In addition, withdrawal of pregabalin was noted to result in a discontinuation syndrome, however this was considered to be reported at rates lower than for a drug with a ‘classic discontinuation syndrome’. The Abuse Liability Study concluded that a low dose of pregabalin (200mg) was similar in profile to a 15mg dose of diazepam, that is, patients identified it as a sedative. A 450mg dose of pregabalin was more ‘stimulant-like’ than a control of high-dose diazepam, but it resembled diazepam in what the author termed ‘drug-taking behaviour’ with comments including “Good drug effect” and “High”. In contrast, the pregabalin licensing application to the European Medicines Agency (EMA) in 2005 considered misuse as a special safety issue, but dismissed it stating:

“Abuse potential: The abuse potential of pregabalin was studied in a separate study (098) versus diazepam and placebo. Pregabalin did not have the profile of a prototypic drug of abuse when compared with diazepam.”3

Post-launch gabapentinoid misuse

Misuse of gabapentin was documented prior to the approval of pregabalin10–12 and recreational misuse of pregabalin was predictable.

In the last five years, pregabalin misuse has become established with growing reports in the literature, and more recently in the general press in countries such as the UK.

A paper by Schifano et al in 201113 was the first to raise the misuse of pregabalin. As this paper documents, awareness of the recreational potential of pregabalin and gabapentin was already abundant on websites, internet forums and YouTube. One of the key papers first highlighting misuse to the medical community was the written by Des Spence in the British Medical Journal in November 2013.14 Since these early papers, the evidence of misuse has grown in a large number of reports, including systematic reviews15,16 and also in popular press reports.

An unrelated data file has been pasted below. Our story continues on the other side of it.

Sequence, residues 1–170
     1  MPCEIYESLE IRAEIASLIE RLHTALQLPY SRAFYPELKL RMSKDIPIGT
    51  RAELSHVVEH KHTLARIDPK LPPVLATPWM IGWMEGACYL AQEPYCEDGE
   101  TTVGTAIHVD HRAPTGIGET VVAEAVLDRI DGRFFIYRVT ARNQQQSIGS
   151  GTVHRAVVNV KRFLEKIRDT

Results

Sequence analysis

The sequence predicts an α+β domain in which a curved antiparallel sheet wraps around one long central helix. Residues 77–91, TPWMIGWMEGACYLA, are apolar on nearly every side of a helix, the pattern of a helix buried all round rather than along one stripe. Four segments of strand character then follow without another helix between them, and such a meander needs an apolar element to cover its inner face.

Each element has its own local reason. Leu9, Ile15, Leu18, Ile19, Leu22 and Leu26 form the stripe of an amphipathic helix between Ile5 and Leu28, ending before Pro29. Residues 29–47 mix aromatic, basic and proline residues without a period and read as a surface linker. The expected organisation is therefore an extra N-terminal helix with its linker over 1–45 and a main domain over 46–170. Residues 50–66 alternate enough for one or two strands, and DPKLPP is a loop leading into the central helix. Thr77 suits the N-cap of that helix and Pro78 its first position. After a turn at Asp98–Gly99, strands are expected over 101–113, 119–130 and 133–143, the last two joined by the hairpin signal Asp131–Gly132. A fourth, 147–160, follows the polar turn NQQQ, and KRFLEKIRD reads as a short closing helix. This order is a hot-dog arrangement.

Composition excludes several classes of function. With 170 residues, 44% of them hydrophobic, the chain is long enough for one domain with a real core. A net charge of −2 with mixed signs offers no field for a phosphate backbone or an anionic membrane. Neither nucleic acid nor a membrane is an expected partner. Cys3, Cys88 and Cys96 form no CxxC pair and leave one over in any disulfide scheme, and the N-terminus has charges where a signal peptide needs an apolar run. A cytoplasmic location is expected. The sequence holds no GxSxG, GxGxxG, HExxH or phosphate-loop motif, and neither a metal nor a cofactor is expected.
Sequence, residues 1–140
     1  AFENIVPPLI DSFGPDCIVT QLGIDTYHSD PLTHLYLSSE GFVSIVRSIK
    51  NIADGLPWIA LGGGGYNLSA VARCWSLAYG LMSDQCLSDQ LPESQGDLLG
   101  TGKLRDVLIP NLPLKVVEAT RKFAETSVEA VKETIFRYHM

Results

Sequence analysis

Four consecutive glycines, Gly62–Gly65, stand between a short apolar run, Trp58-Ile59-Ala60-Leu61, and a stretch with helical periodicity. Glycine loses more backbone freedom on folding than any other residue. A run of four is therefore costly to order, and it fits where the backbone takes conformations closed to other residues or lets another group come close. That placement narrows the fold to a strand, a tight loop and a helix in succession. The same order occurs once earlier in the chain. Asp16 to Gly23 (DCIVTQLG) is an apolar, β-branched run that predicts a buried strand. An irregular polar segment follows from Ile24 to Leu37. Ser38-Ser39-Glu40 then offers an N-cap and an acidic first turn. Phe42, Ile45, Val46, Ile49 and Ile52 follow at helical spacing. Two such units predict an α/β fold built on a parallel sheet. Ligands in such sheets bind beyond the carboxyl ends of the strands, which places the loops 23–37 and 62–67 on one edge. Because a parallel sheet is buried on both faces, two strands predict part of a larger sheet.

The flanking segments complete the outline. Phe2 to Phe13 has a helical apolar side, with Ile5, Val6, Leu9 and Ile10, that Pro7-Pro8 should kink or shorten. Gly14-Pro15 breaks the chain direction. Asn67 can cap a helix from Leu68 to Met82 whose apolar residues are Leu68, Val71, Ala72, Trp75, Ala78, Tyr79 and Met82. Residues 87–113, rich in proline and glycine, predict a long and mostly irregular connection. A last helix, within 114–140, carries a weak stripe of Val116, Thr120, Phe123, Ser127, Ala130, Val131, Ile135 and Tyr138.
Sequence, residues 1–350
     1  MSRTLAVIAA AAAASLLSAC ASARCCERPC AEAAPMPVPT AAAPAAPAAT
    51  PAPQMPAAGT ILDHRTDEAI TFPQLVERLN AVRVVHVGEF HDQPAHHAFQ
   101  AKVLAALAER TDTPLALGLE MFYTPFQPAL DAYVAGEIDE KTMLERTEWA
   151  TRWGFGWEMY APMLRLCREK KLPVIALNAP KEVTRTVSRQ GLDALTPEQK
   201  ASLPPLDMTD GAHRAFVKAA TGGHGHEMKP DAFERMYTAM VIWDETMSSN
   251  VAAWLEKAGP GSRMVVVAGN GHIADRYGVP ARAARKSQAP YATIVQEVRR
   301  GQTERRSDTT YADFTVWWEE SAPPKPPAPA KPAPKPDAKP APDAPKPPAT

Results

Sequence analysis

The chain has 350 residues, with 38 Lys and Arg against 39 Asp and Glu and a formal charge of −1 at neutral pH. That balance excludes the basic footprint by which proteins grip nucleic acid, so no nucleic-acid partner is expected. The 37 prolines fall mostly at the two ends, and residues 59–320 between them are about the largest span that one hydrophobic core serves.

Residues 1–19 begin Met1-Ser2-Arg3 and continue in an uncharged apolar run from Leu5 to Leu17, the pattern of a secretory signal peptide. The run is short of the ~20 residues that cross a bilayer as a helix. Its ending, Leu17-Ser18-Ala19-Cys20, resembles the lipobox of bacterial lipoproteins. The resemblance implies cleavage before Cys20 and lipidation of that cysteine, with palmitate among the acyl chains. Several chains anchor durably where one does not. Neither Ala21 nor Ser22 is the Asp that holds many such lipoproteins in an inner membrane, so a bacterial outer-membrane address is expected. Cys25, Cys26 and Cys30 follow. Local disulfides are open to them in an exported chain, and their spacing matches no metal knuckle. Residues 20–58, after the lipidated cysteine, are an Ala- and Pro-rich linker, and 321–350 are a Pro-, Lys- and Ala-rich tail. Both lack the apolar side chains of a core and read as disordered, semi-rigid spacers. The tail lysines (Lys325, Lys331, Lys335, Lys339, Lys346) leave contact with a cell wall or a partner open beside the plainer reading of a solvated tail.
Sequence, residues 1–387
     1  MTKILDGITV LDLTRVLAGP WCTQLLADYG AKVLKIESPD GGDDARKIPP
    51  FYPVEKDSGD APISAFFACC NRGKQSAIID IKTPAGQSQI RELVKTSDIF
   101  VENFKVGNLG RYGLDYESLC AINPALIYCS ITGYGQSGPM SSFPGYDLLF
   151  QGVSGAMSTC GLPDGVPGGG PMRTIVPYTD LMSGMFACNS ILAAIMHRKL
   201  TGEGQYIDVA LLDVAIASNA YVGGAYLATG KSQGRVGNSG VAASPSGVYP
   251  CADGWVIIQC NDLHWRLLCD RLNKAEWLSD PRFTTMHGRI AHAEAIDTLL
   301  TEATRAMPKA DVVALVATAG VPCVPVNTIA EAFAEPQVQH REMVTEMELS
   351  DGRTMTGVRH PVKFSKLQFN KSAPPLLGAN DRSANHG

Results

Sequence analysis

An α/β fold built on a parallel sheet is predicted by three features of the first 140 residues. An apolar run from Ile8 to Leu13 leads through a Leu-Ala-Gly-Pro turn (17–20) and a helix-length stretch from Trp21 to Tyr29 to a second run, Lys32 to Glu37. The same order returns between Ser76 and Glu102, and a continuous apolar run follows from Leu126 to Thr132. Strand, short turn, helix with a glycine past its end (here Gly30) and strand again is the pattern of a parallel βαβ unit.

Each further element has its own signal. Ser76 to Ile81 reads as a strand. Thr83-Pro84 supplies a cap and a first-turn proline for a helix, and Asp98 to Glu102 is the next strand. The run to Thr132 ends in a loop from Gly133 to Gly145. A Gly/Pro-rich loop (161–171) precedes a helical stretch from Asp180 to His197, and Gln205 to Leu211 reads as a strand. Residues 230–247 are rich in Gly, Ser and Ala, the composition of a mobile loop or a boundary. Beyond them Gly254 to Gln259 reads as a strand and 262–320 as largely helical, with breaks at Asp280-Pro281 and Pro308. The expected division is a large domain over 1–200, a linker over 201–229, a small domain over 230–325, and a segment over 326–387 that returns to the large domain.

The effects that pregabalin produces when misused can be considered in two ways. Firstly, the drug may be taken to experience the effects induced by the drug itself. Secondly, it may be taken in combination with other drugs, particularly sedatives and opioids, to produce a synergistic effect. When taken, particularly at high dose, the effects are described as a mixture of sedative, psychedelic, dissociative and euphoric.13


Gabapentin and pregabalin safety has been extensively studied both prior to launch and continues to be monitored. The safety of pregabalin in overdose has been shown in overdoses, with doses of up to 15 grams producing no unexpected adverse effects.6 The concurrent use of CNS depressants is a well-known risk. The data sheet acknowledges an additive effect with alcohol, benzodiazepines and opioids, and these are drugs that are typically used alongside pregabalin in a polydrug use scenario. Baird et al17 describe the use of pregabalin to potentiate the effects of methadone, and a recent paper outlines the risk to heroin users from concurrent gabapentinoid misuse.18

In the New Zealand data sheet, Pfizer state that there have been recent (‘post-marketing’) reports of respiratory failure and coma in patients taking pregabalin with other CNS depressant medications.

In the UK, concern has grown over the number of deaths where pregabalin was mentioned on the death certificate. Table 1 shows data from the Office for National Statistics19 with clear increases in both pregabalin and gabapentin.

Table 1: Number of drug-related deaths where pregabalin and gabapentin were mentioned on the death certificate, deaths registered in England and Wales 2012–2016 (from UK Office for National Statistics).